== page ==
Harry Markowitz, the father of modern portfolio construction, is often quoted as saying, “Diversification is the only free lunch” in investing. Diversifying across more equity holdings, more bond holdings, more geographies, and more distinct asset classes reduces risk. This is why don’t put all your money just into one stock. If you pick the right stock, it is fantastic, but the downside of vastly higher probability scenarios is rather dire. So, we diversify across multiple equities, bonds, cash, alternatives, commodities, etc.
Diversification works because different investments have different correlations with one another. Correlation measures how two investments move in coordination with one another. The lower the correlation, the better the potential risk reduction benefits of adding to a portfolio. There is a return assumption component as well, but we will park that for now. Diversification works because different investments are not perfectly correlated.
But even a free lunch of diversification can leave a bad taste in your mouth. There is variability in the process. For your lunch, maybe the vegetables were not so fresh, or the chef was off that day. For diversification, correlations are not constant; they fluctuate. Sometimes correlations are stronger than usual, limiting the risk reduction benefits of diversification. Sometimes lower, really helping.
At the moment, correlations are higher, especially if you focus on the big two asset classes, bonds & equities (bottom portion of nearby chart). This does bring back some memories of the portfolio pain of 2022, which witnessed falling bond prices and falling stock prices. But starting in March of this year, correlations quickly turned negative and, more recently, back to positive. An easier way to glean this relationship is the following chart. It only looks at down days for the TSX and contrasts how bonds performed that day.
There is a very important takeaway from these two charts. Diversification didn’t work well in 2022 and 2H of 2023 (so far). But it worked well in the 1st half of 2023, which raises the big question – Why? 2022 was a unique year during which the overnight bank rate (as measured by the Fed Funds) moved from near zero to 4.5%, which dragged longer yields along as well. Guess what? If you raise the discount rate that much, the price of all assets moves in one direction: down. Correlations also increase, reducing the benefit of diversification.
The first half of 2023 witnessed the expectations of peak rates plateauing or stabilizing for the most part. More importantly, with the economic risks around U.S. regional banks, recession risk moved higher. Bond/equity correlations became negative again, diversification worked, and we all enjoyed a nice free lunch. But now, in the second half of 2023, we have seen some recession risks fade and treasury issuance/demand risks (see last week’s edition). Once again, correlations elevated and diversification benefits dwindled. This is not the same as 2022, when it was an inflation problem. Inflation expectations and breakevens have remained relatively stable or even improved somewhat.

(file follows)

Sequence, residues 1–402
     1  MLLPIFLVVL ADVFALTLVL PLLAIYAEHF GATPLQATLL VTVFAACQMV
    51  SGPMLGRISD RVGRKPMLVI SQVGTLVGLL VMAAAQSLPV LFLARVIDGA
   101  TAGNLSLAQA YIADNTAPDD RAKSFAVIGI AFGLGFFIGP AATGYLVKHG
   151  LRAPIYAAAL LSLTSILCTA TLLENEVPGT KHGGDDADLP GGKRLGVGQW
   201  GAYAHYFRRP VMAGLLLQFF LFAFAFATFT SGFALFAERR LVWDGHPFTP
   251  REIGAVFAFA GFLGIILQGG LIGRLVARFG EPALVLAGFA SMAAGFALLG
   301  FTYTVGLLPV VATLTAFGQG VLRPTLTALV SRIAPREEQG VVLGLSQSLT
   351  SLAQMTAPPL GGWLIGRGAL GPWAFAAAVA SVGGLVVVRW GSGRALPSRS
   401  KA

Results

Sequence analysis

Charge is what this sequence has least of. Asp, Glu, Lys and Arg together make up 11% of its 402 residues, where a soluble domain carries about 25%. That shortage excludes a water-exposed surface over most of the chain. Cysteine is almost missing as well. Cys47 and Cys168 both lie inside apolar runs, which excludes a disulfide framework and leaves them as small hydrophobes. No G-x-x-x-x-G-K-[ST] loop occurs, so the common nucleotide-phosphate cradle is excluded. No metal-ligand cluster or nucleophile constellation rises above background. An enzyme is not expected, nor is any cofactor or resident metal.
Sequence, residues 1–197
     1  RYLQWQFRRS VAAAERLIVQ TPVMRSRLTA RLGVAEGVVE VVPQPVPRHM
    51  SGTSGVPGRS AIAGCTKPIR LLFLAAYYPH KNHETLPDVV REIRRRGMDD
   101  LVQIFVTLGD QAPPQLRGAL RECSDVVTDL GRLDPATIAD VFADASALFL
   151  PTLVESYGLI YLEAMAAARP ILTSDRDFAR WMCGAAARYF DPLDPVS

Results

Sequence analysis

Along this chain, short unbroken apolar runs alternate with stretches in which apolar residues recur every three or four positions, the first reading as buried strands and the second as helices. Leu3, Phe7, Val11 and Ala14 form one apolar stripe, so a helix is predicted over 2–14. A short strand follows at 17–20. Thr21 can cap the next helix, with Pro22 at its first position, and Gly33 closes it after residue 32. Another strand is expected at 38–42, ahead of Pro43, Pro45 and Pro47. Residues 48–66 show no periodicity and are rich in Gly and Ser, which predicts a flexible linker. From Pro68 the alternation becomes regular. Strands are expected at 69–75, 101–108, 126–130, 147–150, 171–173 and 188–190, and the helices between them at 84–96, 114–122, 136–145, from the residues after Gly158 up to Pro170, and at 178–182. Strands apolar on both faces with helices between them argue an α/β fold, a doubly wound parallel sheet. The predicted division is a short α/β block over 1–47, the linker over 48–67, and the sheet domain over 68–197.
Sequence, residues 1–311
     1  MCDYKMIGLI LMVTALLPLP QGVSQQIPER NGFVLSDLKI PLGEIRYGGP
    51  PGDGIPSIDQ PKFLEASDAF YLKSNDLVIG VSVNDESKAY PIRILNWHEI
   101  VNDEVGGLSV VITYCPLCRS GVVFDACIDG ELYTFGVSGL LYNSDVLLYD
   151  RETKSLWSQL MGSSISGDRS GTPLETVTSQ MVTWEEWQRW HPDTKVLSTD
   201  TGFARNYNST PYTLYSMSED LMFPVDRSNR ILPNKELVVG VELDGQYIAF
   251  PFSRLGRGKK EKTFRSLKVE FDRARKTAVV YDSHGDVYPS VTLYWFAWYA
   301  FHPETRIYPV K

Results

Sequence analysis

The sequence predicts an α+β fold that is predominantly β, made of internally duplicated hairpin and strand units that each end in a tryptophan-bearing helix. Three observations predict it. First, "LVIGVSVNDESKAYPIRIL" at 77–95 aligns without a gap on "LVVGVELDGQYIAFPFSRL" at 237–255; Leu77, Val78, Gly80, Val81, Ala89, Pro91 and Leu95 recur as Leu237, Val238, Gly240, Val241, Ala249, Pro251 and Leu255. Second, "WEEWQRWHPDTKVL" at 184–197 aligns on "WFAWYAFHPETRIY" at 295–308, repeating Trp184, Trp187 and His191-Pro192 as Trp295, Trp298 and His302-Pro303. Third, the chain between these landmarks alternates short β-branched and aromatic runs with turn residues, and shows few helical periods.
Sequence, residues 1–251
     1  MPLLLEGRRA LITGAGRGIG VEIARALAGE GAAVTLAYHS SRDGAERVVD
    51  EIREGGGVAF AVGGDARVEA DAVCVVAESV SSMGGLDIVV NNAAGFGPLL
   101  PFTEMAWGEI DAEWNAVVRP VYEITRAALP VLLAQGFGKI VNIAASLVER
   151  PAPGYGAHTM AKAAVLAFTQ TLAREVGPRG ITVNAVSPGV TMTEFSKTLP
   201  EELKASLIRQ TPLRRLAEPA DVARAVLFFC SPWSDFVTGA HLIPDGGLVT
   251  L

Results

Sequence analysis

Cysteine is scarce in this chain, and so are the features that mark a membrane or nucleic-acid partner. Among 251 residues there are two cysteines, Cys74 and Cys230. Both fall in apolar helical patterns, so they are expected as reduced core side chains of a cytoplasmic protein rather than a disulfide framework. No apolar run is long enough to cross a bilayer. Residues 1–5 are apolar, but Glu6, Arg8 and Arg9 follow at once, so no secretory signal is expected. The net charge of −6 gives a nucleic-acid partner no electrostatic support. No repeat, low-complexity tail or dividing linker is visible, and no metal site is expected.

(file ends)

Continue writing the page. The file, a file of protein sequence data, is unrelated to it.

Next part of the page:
So, where do correlations go next? Inflation is gradually improving, lowering the risk of any material increases in the overnight bank rates. That is good news and supports lower correlations. If this recession starts to show up more, that too would lower bond yields and likely have bond/equity correlations behaving closer to long-term averages. On the other side, if yields keep rising due to imbalances or the ‘no landing’ scenario for the economy, diversification between equities and bonds will suffer.
Has the job of bonds in the portfolio changed? There is a silver lining with all these higher yields: the future return of bonds is higher. Much higher than it was before, albeit a painful journey to get here. For instance, when the Canadian bond universe was yielding 1-2.5%, most investors owned bonds almost entirely for diversification or portfolio stabilization purposes. And while the losses over the past couple of years have probably cast some doubt on that stabilization role, there is no denying future returns have improved. The best indicator for future returns for bonds is the forward-looking yield.
With bonds perhaps not as strong a diversifier as years past but with better future return prospects, are there other diversifiers? The chart below is rolling 12-month correlations between a few asset classes and Canadian equities. Clearly, international equities have a high correlation. You can see the bond correlation becoming elevated as well.
We also included commodity prices. Now, we could have used just energy, and the results are similar. This might be of interest as there are some who now argue oil or energy is a good diversifier because energy did well in 2022. This is recency bias; don’t fall for it. As is mega-cap tech.
The one line on the graph that stands out is the U.S. dollar. Yes, for Canadians, USD exposure is a strong diversification tool, given it receives safe haven flows during times of trouble. We’re not saying anyone needs to go out and buy USD; instead, just make sure you have enough USD exposure through other investment vehicles, such as equities or bonds. In a world where it is becoming harder to find diversification, US dollar exposure continues to deliver for Canadian investors.
We may not be fans of the US dollar when the next cycle truly gets going. But for now, we embrace it for its diversification benefits. And bonds may have failed to be the stabilizer over the past couple years but now offer a much more attractive potential performance contribution. Additionally, if a recession is coming, as we believe, it may quickly become that stabilizer once again.
— Craig Basinger is the Chief Market Strategist at Purpose Investments
Sources: Charts are sourced to Bloomberg L. P.
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